Operations Protocol

Made under s 18C of the Human Rights Commission Act 2005.

A PDF version of the Operations Protocol is also available. (500 kb)

1. Overview and Structure of ACT Human Rights Commission

The ACT Human Rights Commission is an independent agency established by the Human Rights Commission Act 2005 offering a range of services, including:

  • oversight of systemic issues, review of laws, and advice to government and others regarding human rights compliance;
  • independent complaint handling covering a range of service providers, and discrimination matters;
  • advocacy for children, young people and adults experiencing vulnerability;
  • consultation with children and young people to enable their participating in decision-making about matters that affect them;
  • advocacy,  information, therapeutic services and support to victims of crime; and
  • community education, training and information about human rights.

The ACT was the first jurisdiction in Australia in 2004 to enact a Human Rights Act, which provides an explicit statutory basis for respecting, protecting and promoting most civil and political, and some economic, social and cultural rights. Human rights are universal, and enjoyed by everyone in the ACT regardless of gender, religious belief, nationality, race or any other status.

Human rights underpin all of the Commission’s activities in each area of our work. There are eight distinct roles which are held by four Commissioners at the Commission. Commission members are required to act in a way that promotes the collegiate nature of the commission, and the current members of the Commission are:

Dr Helen Watchirs – President and Human Rights Commissioner

The President is responsible for the Commission’s governance, finance, resources and corporate administration, with specific statutory functions for systemic matters and reporting obligations. The President of the Commission is also the Human Rights Commissioner. The role of the Human Rights Commissioner is to promote discussion and educate the community about human rights; to provide systemic oversight and advice to Government and others on compliance with human rights; to review the effect of Territory laws on human rights, including monitoring places of detention, and to seek leave to intervene in significant court and tribunal human rights cases.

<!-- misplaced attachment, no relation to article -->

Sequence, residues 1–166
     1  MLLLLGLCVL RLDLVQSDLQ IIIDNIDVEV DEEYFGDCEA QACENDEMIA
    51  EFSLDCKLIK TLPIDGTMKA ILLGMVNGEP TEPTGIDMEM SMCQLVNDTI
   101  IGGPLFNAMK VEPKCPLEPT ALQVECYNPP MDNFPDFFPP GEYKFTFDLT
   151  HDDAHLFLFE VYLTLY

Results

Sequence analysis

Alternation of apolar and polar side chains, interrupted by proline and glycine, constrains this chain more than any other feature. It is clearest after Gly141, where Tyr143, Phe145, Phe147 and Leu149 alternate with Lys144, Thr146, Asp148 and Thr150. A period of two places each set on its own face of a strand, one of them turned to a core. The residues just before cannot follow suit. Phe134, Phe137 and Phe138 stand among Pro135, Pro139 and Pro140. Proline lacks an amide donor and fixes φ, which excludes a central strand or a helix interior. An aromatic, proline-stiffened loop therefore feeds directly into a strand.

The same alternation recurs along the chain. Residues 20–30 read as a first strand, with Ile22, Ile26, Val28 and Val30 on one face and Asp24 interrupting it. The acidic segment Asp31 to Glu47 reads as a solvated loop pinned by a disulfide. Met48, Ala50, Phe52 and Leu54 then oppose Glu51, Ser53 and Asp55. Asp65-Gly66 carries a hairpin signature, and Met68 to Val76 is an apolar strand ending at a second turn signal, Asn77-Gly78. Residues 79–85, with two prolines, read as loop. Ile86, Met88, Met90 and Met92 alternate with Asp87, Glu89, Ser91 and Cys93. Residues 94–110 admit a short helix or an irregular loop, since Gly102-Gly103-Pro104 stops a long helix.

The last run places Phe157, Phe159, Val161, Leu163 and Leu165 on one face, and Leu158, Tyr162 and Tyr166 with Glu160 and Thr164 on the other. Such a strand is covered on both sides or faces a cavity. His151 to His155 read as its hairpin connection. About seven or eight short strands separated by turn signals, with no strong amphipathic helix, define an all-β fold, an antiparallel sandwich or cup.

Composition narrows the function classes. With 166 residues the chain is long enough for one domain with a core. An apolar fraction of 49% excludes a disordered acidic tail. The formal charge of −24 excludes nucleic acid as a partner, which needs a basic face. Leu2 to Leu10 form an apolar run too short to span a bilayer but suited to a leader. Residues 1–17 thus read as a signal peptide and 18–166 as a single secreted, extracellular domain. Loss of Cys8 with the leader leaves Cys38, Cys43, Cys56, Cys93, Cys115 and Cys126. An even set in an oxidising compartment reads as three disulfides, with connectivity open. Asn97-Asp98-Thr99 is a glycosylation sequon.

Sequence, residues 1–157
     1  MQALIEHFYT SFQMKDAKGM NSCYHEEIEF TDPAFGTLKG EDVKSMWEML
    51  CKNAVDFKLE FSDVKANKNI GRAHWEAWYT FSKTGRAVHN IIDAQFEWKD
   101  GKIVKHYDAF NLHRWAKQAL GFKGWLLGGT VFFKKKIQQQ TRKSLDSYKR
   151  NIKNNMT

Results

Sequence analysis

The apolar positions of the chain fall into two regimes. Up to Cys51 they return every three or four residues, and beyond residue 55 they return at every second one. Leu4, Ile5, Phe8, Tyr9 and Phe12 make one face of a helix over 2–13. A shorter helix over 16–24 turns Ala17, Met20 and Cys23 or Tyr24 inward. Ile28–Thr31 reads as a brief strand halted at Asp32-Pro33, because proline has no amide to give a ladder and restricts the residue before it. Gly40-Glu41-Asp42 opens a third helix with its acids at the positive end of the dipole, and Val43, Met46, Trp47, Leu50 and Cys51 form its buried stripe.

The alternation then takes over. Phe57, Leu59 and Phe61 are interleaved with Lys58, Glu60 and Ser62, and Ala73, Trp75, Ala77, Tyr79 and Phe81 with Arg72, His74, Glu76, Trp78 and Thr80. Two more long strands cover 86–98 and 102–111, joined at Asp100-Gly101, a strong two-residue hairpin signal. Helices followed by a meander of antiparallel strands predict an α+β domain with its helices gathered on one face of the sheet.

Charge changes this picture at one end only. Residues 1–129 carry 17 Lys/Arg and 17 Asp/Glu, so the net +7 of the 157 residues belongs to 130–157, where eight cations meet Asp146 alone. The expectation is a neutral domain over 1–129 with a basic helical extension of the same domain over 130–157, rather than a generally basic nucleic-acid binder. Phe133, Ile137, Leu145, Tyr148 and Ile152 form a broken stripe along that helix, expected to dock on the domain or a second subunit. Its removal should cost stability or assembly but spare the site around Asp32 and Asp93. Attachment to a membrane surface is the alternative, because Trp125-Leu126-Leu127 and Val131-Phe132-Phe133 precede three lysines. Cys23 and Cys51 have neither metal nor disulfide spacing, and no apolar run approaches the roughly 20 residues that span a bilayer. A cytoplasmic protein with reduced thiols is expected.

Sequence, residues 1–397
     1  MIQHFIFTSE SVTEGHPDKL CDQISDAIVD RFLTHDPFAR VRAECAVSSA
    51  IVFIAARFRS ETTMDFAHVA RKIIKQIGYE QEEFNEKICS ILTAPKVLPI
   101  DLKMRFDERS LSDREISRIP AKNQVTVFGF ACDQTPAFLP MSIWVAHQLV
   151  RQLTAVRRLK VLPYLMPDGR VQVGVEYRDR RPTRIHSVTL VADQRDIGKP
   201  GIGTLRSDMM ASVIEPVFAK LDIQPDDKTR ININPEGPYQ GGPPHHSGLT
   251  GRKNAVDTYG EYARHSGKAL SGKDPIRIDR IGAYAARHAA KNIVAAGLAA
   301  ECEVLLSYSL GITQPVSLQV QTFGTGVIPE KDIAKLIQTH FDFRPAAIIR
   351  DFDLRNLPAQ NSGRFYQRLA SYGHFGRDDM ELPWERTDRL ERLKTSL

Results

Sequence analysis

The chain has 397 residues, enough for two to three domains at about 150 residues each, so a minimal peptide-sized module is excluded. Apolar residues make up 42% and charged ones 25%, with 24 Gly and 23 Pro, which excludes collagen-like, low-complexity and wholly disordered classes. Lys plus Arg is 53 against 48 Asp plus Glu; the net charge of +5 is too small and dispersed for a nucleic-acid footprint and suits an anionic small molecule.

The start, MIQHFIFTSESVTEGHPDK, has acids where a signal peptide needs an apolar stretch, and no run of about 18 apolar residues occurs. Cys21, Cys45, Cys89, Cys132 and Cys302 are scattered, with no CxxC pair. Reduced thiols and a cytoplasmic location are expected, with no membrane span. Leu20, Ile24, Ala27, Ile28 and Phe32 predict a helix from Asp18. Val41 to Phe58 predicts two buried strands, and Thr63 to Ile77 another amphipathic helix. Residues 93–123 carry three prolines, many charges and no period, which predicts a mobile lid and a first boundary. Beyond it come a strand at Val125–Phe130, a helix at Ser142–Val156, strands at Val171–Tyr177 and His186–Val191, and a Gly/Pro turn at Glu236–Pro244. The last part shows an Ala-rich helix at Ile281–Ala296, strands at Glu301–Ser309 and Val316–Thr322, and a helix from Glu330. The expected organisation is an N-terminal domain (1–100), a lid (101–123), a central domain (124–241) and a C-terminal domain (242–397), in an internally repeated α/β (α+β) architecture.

Ms Jodie Griffiths-Cook – Public Advocate and Children and Young People Commissioner

The role of the Public Advocate and Children and Young People Commissioner (PACYPC) is to protect and promote the rights and interests of people in the ACT whose condition or circumstances make them vulnerable to abuse, exploitation or neglect; and to consult with, listen to and seriously consider the views of children and young people in ways that promote their participation in decision-making. The responsibilities of the PACYPC are underpinned by a range of functions including advocacy (individual and systemic), representation, investigation, and monitoring. Some of these functions are specific to children and young people, and others encompass people with complex disability needs, including those with mental health conditions and/or forensic patients.